Spending on hospital mental health services increases faster than on community care

Spending on hospital-based mental health services has increased faster than on community services despite the government’s aim to move to more community care.

A report published today by think-tank Reform found spending on inpatient, outpatient and day patients services had increased by 37 per cent, or £1.1bn, to £4.1bn from 1999-2000 to 2003-4.

But spending on community mental health services increased by only 31 per cent, or £400m, to £1.7bn in the same period.

The study found the number of short hospital stays had decreased but the number of patients who stayed for more than a year almost doubled from 1999-2000 to 2003-4.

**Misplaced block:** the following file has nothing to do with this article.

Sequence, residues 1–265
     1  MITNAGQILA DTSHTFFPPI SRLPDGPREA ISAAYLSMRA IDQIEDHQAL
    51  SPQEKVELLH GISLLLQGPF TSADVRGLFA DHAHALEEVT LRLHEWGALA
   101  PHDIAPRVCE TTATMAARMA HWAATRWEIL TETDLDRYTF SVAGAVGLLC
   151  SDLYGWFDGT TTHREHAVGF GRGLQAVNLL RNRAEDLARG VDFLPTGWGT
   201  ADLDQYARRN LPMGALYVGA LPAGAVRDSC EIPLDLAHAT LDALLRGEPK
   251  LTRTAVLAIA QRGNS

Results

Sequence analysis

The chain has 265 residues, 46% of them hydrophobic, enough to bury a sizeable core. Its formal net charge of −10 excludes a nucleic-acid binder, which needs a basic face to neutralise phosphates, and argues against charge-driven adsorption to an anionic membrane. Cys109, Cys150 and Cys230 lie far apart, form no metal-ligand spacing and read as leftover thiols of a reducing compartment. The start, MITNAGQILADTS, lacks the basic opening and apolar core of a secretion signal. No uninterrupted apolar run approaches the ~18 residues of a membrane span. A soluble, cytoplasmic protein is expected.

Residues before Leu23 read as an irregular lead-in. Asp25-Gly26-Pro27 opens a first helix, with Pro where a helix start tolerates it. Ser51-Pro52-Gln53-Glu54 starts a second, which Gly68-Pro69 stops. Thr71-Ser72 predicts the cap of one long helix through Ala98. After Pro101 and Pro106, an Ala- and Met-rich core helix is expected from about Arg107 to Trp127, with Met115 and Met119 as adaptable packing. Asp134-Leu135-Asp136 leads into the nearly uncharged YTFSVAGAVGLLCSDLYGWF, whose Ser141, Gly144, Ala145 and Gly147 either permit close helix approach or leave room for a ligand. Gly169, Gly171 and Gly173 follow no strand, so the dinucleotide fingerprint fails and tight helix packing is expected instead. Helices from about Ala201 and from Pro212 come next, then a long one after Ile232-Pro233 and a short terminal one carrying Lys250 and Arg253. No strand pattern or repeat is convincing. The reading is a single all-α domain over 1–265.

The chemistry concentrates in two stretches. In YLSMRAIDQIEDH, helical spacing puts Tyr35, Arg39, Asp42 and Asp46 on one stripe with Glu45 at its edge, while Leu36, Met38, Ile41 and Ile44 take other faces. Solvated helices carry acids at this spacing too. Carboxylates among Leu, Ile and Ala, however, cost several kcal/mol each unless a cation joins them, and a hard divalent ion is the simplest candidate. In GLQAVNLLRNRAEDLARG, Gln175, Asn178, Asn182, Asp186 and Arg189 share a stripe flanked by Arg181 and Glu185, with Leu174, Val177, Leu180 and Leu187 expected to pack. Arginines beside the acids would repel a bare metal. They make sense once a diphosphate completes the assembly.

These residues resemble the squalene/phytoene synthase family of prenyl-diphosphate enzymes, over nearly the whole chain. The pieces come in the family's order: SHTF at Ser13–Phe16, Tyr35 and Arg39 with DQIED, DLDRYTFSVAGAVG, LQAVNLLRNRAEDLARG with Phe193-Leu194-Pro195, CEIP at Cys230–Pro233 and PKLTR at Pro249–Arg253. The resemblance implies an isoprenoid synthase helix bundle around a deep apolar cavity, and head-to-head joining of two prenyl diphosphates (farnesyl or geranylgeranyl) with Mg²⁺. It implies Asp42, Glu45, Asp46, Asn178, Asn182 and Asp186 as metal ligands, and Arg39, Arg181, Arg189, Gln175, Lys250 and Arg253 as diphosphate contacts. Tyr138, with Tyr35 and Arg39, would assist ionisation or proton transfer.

It said the hospital treatment programme had developed as a “custodial model” rather than a health one.

The report suggested developing a mixed economy of care in cognitive behavioural therapy and the introduction of direct payments for people needing therapy in the community.

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